Sensing solenoid valve activity

I'm looking to do 2 projects that sense solenoid valves in a separate system, specifically 12v automotive shift solenoids & fuel injectors. They are low-side switched with mosfets or transistors. The big problem is the inductive spike when they turn off & I'm not sure what hardware to use.

A primary requirement is I can only tap into the solenoid power wires. I can't tap into the logic level nor can I use anything that senses the magnetic field; CAN-Bus data isn't present. For one project the frequency is sub-Hz so I can use simple signal relays in parallel. The other will be as high as 7000 Hz (batch-fire EFI) or 8.5 milliseconds, so I'm thinking optocouplers?

I'm just not sure how I would protect it properly from the inductive spike, aside from a flyback diode on the solenoid. For the circuit I'd imagine the optocoupler could be used similar to this:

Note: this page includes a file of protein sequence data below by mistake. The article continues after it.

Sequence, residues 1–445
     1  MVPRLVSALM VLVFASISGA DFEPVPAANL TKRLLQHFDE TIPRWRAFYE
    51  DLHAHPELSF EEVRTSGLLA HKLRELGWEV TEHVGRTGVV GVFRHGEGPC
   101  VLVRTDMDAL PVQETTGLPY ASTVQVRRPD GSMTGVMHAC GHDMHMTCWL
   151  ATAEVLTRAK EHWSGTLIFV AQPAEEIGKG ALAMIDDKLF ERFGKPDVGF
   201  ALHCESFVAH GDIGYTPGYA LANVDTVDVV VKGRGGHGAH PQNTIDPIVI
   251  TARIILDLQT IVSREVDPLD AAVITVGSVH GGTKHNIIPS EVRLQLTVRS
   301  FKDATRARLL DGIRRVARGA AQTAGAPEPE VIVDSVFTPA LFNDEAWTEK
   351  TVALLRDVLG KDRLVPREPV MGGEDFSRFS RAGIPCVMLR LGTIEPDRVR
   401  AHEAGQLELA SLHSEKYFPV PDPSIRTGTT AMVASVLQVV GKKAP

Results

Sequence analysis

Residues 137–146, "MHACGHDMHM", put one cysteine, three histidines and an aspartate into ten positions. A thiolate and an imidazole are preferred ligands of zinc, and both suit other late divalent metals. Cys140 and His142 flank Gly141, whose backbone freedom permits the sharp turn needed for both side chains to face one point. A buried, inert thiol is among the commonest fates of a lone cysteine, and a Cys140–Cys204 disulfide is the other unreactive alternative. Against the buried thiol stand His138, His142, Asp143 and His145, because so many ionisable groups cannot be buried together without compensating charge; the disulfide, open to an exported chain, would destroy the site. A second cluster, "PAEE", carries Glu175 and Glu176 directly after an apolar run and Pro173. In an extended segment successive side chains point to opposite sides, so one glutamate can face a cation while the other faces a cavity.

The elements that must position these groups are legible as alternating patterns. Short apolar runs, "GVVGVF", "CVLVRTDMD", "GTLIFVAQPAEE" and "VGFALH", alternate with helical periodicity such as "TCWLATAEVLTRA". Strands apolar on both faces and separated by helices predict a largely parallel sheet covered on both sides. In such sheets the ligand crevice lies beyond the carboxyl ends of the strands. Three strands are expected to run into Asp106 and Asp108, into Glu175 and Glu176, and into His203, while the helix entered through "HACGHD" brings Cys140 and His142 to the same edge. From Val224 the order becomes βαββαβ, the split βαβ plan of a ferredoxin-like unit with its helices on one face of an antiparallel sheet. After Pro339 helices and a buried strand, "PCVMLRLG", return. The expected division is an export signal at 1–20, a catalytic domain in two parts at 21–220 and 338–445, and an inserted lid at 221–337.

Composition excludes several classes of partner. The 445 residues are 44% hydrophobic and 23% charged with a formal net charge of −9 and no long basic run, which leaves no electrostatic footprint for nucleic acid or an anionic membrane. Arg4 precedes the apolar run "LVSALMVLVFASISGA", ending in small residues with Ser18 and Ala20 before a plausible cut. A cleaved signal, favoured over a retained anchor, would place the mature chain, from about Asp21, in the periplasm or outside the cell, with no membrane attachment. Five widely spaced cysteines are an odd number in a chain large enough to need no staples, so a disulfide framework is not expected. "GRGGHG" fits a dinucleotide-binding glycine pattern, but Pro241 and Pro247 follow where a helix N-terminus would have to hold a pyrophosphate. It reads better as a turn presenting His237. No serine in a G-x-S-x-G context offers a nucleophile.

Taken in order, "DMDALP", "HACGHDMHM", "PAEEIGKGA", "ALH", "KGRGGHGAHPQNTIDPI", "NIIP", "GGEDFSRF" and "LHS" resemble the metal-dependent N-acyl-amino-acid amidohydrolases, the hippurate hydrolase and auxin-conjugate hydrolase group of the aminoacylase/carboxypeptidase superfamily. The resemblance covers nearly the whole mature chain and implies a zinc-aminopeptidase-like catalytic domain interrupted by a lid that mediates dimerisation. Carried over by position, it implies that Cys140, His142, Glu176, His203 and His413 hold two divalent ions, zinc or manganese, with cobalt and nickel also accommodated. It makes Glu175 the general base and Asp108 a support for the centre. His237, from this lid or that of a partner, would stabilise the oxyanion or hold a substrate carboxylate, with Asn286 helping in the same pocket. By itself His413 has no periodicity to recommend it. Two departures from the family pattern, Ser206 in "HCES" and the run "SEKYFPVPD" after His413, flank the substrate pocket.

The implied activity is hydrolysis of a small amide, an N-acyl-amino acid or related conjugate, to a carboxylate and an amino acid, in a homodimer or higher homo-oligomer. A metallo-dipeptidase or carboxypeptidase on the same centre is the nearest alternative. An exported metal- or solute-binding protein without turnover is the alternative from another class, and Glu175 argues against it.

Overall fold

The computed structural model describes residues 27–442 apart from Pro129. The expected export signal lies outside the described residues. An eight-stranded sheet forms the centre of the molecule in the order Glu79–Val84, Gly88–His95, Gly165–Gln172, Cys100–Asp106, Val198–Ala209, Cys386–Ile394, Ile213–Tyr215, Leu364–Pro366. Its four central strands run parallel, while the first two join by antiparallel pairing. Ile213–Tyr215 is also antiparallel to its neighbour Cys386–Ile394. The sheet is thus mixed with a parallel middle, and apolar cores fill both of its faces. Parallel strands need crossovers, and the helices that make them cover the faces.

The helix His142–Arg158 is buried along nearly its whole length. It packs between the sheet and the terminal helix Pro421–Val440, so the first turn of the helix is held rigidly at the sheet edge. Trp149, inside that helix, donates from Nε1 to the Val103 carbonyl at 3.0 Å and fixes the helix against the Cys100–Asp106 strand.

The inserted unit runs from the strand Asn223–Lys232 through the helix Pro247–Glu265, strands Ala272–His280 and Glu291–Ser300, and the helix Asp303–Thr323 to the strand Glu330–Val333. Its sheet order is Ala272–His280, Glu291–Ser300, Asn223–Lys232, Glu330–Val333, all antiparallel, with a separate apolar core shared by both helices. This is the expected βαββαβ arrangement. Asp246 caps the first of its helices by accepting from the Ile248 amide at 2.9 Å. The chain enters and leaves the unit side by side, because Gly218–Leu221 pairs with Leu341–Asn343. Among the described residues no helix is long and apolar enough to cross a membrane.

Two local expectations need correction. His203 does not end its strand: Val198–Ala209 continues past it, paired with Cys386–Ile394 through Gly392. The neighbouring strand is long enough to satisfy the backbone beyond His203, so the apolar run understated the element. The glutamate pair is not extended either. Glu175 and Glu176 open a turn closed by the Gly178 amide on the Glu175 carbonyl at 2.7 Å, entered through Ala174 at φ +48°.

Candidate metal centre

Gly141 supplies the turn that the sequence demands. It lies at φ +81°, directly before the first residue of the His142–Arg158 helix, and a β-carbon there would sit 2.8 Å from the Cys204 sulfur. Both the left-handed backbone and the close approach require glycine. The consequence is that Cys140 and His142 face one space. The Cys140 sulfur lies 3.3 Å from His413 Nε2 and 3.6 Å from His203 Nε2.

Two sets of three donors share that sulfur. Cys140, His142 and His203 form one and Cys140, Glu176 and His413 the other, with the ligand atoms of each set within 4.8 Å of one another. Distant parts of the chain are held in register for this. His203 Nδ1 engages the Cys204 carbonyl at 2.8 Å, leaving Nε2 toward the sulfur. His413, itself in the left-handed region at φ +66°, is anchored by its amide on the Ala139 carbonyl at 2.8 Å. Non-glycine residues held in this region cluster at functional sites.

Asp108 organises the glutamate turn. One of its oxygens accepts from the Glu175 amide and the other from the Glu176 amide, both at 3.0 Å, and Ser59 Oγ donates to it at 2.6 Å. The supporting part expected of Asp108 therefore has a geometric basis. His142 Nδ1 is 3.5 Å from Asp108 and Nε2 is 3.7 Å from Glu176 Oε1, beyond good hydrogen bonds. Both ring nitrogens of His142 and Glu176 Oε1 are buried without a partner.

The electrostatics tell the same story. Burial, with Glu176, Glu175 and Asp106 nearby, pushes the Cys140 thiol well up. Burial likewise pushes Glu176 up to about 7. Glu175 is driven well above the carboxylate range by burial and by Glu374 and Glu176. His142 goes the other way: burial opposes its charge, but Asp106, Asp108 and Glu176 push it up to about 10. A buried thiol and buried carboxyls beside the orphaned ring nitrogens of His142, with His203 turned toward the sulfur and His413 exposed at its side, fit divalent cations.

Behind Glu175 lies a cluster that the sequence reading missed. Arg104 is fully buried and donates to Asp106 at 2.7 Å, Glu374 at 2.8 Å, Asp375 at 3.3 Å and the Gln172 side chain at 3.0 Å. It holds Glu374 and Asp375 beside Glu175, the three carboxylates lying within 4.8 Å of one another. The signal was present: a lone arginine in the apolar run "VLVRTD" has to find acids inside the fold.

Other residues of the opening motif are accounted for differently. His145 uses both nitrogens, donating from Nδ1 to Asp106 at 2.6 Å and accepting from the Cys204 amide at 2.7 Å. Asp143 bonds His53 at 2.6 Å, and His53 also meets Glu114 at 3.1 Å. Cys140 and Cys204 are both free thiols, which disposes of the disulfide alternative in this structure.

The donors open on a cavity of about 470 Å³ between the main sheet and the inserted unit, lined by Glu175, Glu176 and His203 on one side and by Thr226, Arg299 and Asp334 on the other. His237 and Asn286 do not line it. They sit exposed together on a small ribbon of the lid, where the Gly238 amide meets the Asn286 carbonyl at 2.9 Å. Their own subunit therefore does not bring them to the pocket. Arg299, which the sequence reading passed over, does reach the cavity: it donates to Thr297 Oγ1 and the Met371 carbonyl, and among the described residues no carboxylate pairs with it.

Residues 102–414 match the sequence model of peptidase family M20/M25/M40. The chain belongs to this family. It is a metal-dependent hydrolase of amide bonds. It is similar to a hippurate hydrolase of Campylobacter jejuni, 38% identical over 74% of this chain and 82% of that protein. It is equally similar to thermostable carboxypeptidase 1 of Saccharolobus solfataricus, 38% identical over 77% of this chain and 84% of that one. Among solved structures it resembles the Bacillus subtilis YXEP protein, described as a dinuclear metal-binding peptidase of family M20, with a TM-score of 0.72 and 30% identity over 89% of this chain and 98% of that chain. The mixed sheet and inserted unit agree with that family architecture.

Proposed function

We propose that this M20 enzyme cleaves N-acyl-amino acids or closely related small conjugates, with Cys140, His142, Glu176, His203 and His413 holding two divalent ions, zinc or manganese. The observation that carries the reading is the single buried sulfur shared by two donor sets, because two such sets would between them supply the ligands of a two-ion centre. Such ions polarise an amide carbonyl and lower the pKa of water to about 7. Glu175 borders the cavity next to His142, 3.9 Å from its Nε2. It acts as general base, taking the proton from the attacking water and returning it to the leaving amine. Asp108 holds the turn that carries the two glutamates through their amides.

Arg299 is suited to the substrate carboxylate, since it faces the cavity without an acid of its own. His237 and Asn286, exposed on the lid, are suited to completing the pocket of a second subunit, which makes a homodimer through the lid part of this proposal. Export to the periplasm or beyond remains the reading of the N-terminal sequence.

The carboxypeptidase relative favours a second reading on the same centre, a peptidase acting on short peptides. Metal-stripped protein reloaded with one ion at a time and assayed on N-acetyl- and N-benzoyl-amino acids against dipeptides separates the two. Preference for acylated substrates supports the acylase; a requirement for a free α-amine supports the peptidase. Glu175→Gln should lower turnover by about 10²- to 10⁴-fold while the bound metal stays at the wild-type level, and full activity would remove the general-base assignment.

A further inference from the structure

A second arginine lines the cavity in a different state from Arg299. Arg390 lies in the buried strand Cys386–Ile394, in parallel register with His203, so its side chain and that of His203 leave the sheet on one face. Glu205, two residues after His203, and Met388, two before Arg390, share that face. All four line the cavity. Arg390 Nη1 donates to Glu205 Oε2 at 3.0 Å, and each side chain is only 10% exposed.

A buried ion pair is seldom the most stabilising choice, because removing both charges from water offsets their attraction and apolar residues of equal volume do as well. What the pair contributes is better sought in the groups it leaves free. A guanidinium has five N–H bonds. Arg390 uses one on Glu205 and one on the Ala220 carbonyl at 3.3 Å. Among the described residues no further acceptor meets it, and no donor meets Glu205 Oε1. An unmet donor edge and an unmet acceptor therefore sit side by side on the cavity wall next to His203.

That sparc, as You call it, can generate very high voltages that can can kill any piece if electronics. However the cure is cheao and simple, udef for all inductive liads. That's a "kick back" diode that short curcuit the cause of the sparc. Know the direction of the current when the solenoif is powered. Then know that the diode should conduct, let that current to continue to flow through the diode when the transistor shuts off.

For sensing the voltage a voltage divider is required. Then I'd put the diode into the low-voltage branch, not over the inductive load itself.

The use of opto couplers is a good idea in any contact with foreign circuits.

They are low-side switched with mosfets or transistors.

What protects the transistors that are switching them?

This won't be for a specific application but the target EFI systems use transistors with built-in snubber diodes or mosfets with internal or external diodes. I just wasn't sure if it would somehow damage the LED, or if there was a better method. My other idea was to use the gate of a mosfet but it seemed to kill it the first time the solenoid turned off.

Now that I think of it, I could test the idea with a normal LED. If it lives with the correct current-limiting resistor, I should be good.

This situation is where you need to have an oscilloscope to actually see the switched signal.

Tom...... :slight_smile: